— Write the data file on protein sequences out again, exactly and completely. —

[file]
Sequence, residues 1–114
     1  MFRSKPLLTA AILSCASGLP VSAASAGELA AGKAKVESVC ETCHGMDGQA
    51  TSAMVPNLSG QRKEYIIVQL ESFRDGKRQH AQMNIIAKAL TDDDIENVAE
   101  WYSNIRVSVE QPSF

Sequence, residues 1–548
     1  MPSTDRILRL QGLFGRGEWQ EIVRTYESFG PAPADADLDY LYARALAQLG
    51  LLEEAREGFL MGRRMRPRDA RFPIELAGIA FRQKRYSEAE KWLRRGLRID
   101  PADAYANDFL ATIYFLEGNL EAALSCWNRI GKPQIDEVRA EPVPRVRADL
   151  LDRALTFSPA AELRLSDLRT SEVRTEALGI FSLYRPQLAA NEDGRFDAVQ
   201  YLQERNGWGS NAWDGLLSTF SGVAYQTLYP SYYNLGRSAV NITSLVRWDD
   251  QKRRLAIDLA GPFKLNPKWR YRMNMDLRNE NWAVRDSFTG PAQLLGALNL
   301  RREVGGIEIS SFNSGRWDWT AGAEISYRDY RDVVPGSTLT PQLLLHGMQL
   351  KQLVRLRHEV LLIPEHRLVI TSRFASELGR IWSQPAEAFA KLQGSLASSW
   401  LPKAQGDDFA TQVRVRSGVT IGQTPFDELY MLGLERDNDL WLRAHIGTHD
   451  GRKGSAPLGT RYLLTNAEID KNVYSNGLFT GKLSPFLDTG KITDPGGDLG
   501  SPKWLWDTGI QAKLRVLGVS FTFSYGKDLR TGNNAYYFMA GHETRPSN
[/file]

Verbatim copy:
Sequence, residues 1–114
     1  MFRSKPLLTA AILSCASGLP VSAASAGELA AGKAKVESVC ETCHGMDGQA
    51  TSAMVPNLSG QRKEYIIVQL ESFRDGKRQH AQMNIIAKAL TDDDIENVAE
   101  WYSNIRVSVE QPSF

Sequence, residues 1–548
     1  MPSTDRILRL QGLFGRGEWQ EIVRTYESFG PAPADADLDY LYARALAQLG
    51  LLEEAREGFL MGRRMRPRDA RFPIELAGIA FRQKRYSEAE KWLRRGLRID
   101  PADAYANDFL ATIYFLEGNL EAALSCWNRI GKPQIDEVRA EPVPRVRADL
   151  LDRALTFSPA AELRLSDLRT SEVRTEALGI FSLYRPQLAA NEDGRFDAVQ
   201  YLQERNGWGS NAWDGLLSTF SGVAYQTLYP SYYNLGRSAV NITSLVRWDD
   251  QKRRLAIDLA GPFKLNPKWR YRMNMDLRNE NWAVRDSFTG PAQLLGALNL
   301  RREVGGIEIS SFNSGRWDWT AGAEISYRDY RDVVPGSTLT PQLLLHGMQL
   351  KQLVRLRHEV LLIPEHRLVI TSRFASELGR IWSQPAEAFA KLQGSLASSW
   401  LPKAQGDDFA TQVRVRSGVT IGQTPFDELY MLGLERDNDL WLRAHIGTHD
   451  GRKGSAPLGT RYLLTNAEID KNVYSNGLFT GKLSPFLDTG KITDPGGDLG
   501  SPKWLWDTGI QAKLRVLGVS FTFSYGKDLR TGNNAYYFMA GHETRPSN